Call for papers

Workshop on Innovation in Border Control 2013
13-14 August 2013
Uppsala, Sweden

The workshop will be co-located with the European Intelligence and Security Informatics Conference (EISIC 2013)

The workshop is jointly organised by:
  • European Agency for the Management of Operational Cooperation at the External Borders of the Member States of the European Union (Frontex),
  • the European Commission's Joint Research Centre (JRC), and
  • the National Center for Border Security and Immigration (Borders), University of Arizona (USA).


The aim of the Workshop on Innovation in Border Control is to bring together academic researchers, practitioners and industry to:

  • discuss innovative solutions to current and future challenges in border control (including border surveillance),
  • present the latest results of research in the field of border control,
  • evaluate current applications,
  • identify next steps toward bringing solutions to fruition, and
  • disseminate information on ongoing border security-related research projects and initiatives.

The focus will be on application-oriented research and technology that addresses practical operational challenges encountered by the border control community.

The workshop should be relevant to researchers in such fields as information technologies, computer science, remote sensing, public policy and social and behavioural studies, as well as to practitioners, consultants and technology industries with interests in border security and control, law enforcement and intelligence. Bringing together these diverse communities of interest is intended to enrich understanding of the challenges that exist and to extend research and technology development in practical directions.


1. Detection, identification and authentication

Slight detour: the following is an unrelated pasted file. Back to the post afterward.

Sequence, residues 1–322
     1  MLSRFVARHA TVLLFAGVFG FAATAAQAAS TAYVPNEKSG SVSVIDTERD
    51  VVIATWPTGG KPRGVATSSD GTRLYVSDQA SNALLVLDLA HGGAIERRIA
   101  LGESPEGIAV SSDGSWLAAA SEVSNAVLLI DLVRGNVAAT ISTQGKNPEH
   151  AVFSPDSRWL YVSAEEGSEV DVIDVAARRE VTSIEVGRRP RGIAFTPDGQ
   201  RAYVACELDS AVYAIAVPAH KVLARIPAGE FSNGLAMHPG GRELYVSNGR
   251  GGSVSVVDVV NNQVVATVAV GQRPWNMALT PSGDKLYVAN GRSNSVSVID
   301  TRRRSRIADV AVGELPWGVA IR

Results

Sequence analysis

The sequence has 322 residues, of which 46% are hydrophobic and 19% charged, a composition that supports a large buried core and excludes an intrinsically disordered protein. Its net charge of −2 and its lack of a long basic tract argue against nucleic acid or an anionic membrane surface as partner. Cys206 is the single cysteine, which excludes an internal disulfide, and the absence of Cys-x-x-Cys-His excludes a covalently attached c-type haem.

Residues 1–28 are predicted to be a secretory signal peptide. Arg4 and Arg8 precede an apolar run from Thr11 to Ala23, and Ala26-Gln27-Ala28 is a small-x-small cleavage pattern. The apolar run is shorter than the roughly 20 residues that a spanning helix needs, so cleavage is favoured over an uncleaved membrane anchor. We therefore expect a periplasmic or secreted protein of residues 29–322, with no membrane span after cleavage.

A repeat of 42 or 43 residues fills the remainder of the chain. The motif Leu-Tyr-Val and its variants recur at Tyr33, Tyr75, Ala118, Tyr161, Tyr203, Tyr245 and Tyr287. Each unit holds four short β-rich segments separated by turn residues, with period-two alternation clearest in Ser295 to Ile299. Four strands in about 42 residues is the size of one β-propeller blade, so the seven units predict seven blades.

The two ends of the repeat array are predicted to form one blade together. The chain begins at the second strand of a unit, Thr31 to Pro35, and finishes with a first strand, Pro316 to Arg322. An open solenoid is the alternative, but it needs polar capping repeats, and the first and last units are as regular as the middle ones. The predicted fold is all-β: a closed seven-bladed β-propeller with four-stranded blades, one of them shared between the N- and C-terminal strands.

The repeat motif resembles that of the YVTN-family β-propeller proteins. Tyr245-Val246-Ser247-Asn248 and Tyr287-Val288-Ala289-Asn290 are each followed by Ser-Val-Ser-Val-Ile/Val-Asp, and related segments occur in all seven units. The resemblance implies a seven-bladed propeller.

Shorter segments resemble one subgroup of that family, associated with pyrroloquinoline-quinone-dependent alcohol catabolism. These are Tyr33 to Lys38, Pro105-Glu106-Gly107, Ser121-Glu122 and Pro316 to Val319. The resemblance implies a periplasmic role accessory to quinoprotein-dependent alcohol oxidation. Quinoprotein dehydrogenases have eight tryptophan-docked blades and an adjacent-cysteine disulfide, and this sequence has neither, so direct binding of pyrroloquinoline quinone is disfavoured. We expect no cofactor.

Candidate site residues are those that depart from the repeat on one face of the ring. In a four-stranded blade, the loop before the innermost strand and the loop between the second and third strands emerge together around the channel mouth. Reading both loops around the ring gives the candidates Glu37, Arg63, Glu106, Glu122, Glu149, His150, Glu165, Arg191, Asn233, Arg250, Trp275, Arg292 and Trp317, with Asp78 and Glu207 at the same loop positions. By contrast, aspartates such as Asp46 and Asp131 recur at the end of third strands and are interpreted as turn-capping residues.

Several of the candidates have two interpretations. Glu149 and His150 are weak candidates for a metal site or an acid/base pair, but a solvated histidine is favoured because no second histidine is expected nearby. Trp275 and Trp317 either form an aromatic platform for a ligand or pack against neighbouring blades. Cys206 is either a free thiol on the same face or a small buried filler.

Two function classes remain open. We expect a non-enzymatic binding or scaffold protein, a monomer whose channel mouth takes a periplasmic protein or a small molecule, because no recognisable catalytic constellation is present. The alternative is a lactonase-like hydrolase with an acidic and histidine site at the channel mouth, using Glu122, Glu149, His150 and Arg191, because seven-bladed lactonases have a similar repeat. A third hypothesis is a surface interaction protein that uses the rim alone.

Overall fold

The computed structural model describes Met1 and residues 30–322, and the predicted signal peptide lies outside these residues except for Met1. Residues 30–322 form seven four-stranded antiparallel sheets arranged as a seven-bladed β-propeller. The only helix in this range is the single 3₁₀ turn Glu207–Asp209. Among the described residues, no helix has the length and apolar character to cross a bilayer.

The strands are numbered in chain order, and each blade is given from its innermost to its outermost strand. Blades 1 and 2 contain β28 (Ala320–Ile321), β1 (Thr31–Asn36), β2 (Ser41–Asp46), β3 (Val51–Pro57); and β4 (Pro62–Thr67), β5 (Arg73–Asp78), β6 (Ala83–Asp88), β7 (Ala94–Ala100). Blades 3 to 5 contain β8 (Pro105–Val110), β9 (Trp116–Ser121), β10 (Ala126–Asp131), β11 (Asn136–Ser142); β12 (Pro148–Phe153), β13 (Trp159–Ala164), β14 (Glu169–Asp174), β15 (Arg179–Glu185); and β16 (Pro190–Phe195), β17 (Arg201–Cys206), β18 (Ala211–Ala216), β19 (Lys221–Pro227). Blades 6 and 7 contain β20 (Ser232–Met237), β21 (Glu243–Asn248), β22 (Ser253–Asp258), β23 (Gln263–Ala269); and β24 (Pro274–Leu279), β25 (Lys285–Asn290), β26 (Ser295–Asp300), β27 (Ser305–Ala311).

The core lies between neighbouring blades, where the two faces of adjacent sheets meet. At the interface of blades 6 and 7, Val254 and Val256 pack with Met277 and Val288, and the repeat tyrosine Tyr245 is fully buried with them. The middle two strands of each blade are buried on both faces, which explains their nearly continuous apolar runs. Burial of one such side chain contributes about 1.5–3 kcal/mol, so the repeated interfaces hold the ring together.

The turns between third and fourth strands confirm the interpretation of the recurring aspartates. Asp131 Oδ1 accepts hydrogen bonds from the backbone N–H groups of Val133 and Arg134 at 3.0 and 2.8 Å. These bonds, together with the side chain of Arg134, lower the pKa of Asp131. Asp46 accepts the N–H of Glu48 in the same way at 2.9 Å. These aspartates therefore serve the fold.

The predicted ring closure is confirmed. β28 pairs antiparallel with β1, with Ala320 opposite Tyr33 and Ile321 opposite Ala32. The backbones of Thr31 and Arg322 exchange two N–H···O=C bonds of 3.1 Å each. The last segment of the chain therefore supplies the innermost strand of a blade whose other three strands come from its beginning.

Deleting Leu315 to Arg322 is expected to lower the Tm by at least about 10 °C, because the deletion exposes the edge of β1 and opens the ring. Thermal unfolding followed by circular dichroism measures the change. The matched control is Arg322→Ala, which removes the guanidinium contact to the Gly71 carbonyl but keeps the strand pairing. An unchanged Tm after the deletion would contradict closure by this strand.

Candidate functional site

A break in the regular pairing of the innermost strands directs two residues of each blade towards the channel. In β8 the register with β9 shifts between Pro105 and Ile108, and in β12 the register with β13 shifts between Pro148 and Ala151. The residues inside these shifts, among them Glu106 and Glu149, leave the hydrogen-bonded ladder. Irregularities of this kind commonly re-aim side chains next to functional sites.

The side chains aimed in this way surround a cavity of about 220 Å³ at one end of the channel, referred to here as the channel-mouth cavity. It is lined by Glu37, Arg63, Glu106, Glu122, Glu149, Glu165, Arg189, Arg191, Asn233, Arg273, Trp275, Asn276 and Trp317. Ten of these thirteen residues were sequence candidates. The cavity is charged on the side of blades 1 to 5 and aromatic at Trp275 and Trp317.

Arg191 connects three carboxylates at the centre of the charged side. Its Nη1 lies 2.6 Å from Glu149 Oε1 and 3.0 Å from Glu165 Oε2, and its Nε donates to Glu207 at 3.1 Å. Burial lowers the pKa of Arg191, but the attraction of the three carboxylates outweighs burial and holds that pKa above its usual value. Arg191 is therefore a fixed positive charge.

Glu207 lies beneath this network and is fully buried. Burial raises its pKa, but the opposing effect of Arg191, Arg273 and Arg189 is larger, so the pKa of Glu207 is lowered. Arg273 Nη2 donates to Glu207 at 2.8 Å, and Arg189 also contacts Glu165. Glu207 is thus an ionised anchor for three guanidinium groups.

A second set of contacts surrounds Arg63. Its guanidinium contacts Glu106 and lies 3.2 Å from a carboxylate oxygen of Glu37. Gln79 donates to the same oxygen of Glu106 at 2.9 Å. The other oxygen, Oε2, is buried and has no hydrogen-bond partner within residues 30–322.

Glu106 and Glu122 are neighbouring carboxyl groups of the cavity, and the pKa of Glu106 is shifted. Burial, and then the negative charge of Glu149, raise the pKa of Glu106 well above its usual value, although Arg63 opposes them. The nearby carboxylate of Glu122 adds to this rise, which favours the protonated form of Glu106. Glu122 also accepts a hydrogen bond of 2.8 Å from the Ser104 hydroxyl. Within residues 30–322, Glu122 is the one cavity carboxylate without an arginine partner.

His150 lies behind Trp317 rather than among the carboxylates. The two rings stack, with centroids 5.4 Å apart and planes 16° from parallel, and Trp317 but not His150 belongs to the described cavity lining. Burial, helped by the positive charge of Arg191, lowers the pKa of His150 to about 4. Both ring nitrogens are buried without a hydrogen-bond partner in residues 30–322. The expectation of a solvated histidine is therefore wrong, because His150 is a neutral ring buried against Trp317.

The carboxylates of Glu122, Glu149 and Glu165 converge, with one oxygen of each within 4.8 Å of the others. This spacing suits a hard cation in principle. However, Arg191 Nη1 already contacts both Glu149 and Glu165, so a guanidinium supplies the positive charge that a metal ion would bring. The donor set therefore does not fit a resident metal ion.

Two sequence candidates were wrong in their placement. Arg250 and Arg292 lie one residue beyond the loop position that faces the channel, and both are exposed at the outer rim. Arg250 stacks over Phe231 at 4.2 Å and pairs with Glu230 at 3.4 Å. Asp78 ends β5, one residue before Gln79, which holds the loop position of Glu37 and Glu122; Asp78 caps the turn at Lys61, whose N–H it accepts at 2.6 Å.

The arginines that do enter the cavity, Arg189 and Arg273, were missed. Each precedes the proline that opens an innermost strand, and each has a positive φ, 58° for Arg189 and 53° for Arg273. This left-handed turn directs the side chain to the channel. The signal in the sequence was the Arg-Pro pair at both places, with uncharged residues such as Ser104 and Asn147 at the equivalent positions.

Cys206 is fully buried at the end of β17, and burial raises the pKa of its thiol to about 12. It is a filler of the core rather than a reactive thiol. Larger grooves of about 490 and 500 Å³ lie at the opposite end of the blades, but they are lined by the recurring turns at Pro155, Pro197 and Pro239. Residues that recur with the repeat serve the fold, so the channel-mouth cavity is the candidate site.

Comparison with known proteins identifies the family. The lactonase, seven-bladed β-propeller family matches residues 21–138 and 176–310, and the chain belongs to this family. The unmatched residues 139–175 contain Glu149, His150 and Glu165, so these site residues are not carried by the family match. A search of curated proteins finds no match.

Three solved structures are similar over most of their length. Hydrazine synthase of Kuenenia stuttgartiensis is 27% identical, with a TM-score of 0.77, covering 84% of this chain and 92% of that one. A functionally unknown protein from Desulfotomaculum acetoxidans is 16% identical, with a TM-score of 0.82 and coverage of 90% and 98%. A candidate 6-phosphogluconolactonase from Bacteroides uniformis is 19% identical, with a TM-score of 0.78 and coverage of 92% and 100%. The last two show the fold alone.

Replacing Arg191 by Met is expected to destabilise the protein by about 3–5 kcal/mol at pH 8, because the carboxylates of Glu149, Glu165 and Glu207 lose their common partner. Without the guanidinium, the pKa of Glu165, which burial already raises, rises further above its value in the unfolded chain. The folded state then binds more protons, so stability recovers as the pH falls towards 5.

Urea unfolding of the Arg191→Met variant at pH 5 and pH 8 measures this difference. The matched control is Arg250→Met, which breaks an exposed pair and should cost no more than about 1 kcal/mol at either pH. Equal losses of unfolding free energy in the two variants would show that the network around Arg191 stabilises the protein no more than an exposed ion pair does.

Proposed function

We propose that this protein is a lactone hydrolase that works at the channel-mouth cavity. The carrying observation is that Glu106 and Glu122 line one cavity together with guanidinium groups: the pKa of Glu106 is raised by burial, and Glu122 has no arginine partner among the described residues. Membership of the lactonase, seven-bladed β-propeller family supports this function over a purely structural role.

CHALLENGES: (A) An ever-increasing number of people coming to the EU poses a challenge of having less time for the entire process of person and document authentication and/verification, and efficiently detecting the “risky” ones, which should undergo a more thorough check; (B) Various types of insignificant-in-size maritime means are used by third-country nationals to enter into the EU in an irregular manner. Timely detection and classification of such means, in particular differentiating between suspicious and legitimate ones, poses a serious challenge.

  • Access control: authentication of documents, people and vehicles
  • Risk assessment of travelers (prior and upon arrival)
  • Deception detection
  • Modelling and optimization of the border control processing chain
  • Detection and risk-level classification of both large and small (fast) boats in maritime environment
  • Detection of persons attempting to enter illegally
  • Long range maritime positive identification of facilitators in poor optical conditions
  • Psycho-physiological and behavioural detection of risk
  • Small and wide land area intruder detection

2. Communication

CHALLENGE: An increasing field-cooperation between Border Guard authorities of (neighbouring) countries is often hindered by non-compatible mobile secure communication networks that could be used to exchange data of various kind (videos, images, text) in a straightforward and efficient manner.

  • Efficient transfer of high volume of data, including video and images, from mobile (manned or unmanned) platforms to end users, and vice versa from operations centres to field assets
  • Ergonomic and user-friendly wireless mobile communication tools
  • Interconnection of secure communication networks of border guard authorities in neighbouring countries, including technical and legal aspects